By Kent Gray/
If you’d told Simon Cochrane at the start of 2023 that he’d be a marked man for the 40th anniversary of triathlon’s Iron distanced-doubled world championship he’d have called you, well, mad.

But that’s exactly where the Hamilton 39-year-old finds himself on the eve of the Ultraman World Championships on the Big Island of Hawaii, giddily contemplating a third and ultimate crack the 515km distance inside seven months.

What’s more, Cochrane is quite comfortable having a target on his back ahead of the three-day test which starts early Friday (6:30am local time/5:30am NZ time) with a 10km swim from Kailua Bay to Keauhou Bay before a 145km ride to the southern tip of the Big Island, complete with vertical climbs totalling 2422 metres, finishing at Kilauea Military Camp in the Volcanoes National Park.

“I’m just excited to really go out there and give it a solid crack,” Cochrane told from Hawaii where he’ll back up on Saturday with a further 276km and 2413 metres of climbing on the bike before a 84.4km double marathon on Sunday.

“It’s the 40th anniversary of the Ultraman World Championships and there is a legendary list of previous champions that I would love to have my name etched alongside. And if all things fall into place, how good would it be to push for a course record on the Big Island of Hawaii?”

The confidence comes with success and an eye watering amount of training.

Cochrane has run the more than 30 marathons in training alone this year and that helped him not only obliterate the Ultraman world best time by 1h 32m when he won Ultraman Australia on debut in Noosa in May, but also capture Ultraman Canada (pictured below) three months later in a course record effort.

“I would definitely say I am a marked man after my success at Ultraman Australia and Canada earlier in the year,” Cochrane continued.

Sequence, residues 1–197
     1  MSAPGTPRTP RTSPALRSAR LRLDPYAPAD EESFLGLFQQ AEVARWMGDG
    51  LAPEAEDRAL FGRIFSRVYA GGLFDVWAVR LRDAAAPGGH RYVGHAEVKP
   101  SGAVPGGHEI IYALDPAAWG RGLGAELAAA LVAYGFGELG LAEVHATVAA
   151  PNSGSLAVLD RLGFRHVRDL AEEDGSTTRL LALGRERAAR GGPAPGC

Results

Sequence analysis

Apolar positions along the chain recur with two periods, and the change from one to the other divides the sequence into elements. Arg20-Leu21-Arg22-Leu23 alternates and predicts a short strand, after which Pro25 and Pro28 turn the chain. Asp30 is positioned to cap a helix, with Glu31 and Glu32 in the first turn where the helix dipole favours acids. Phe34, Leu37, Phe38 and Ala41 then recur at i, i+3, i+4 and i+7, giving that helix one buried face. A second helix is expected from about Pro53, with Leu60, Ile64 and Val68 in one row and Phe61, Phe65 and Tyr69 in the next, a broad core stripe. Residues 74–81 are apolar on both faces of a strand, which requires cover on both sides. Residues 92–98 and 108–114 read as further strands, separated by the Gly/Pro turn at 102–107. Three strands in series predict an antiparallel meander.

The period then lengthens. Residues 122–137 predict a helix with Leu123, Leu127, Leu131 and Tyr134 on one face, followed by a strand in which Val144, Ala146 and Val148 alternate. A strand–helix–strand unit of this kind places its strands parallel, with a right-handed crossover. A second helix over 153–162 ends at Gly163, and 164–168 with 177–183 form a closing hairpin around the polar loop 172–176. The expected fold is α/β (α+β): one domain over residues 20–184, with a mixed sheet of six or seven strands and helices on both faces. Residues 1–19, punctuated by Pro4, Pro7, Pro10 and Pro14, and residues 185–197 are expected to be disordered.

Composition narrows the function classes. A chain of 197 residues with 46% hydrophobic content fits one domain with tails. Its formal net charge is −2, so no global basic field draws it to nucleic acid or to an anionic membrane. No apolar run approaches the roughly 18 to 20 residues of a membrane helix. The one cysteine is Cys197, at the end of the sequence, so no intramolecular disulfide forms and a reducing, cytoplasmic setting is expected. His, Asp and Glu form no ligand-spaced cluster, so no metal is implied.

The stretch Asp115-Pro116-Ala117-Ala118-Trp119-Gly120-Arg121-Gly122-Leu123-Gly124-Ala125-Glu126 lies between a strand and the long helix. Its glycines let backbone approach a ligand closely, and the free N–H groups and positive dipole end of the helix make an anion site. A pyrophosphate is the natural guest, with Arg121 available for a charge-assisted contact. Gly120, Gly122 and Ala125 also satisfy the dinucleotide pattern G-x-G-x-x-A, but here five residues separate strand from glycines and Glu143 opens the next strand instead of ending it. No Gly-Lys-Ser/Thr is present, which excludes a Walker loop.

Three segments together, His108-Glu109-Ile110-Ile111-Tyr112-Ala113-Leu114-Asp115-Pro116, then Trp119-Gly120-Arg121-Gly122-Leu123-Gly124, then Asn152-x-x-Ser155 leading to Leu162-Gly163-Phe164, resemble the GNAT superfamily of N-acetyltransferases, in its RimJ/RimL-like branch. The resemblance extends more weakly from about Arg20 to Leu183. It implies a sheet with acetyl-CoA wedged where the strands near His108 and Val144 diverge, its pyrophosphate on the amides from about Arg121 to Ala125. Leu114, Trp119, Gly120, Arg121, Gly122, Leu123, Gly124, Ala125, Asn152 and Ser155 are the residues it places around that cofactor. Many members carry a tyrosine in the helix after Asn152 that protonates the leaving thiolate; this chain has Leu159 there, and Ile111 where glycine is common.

“A year ago, I never thought I’d race two Ultraman events, let alone three of them inside seven months. But I really do think this longer format suits me very well. The races themselves are obviously a big undertaking but it’s the actual training block and the volume you need to absorb which is the hardest part.

“Balancing the right amount to make sure you have the endurance across the three big days but also some intensity so you can still push hard and really race it, is the challenge. You need to be able to get to day three and the 84.4km double marathon with enough in the legs to run well. 

“The goal is the same as Noosa and Penticton [British Columbia]…race hard and stick to my plan across the three days. Fuel well, and race smart. Hawaii will throw up plenty more challenges in the way of conditions and terrain. Being a lot warmer, more humid, hillier and windier will make for a pretty intense challenge.”

Indeed. Still, Cochrane feels ready and acclimatised to a degree having travelled to the VinFast Ironman Women’s World Championship last month in support of a “bunch of  the Athletic Peak athletes that I coach (pictured below).”

“That was a great chance to support them and also get some training on the course and in the warmth,” Cochrane said.

“My training block leading into Hawaii has had a few more specific sessions in regards to getting acclimated to the heat. Quite a few longer indoor bike sessions and almost daily sauna sessions should have me well prepared.

“This build up has gone particularly well and I have managed to layer on some bigger and better training sessions as the year has progressed. I have run over 30 marathons in training in 2023 alone, so am definitely more physically and mentally prepared for the bigger days.”

 Who are you expecting to be the toughest opponents?

“Ultraman events have a much smaller field as it is a fully self-supported race, with open roads and all of the road rules must be followed. I don’t know too many of the people who are lining up in Hawaii, so I will just be going out to execute my best race.”

Cochrane mightn’t be too familiar with his rivals but if Noosa and Penticton are any indication, they’ll soon discover the Waikato father-of-two is the real deal after finding his triathlon niche.

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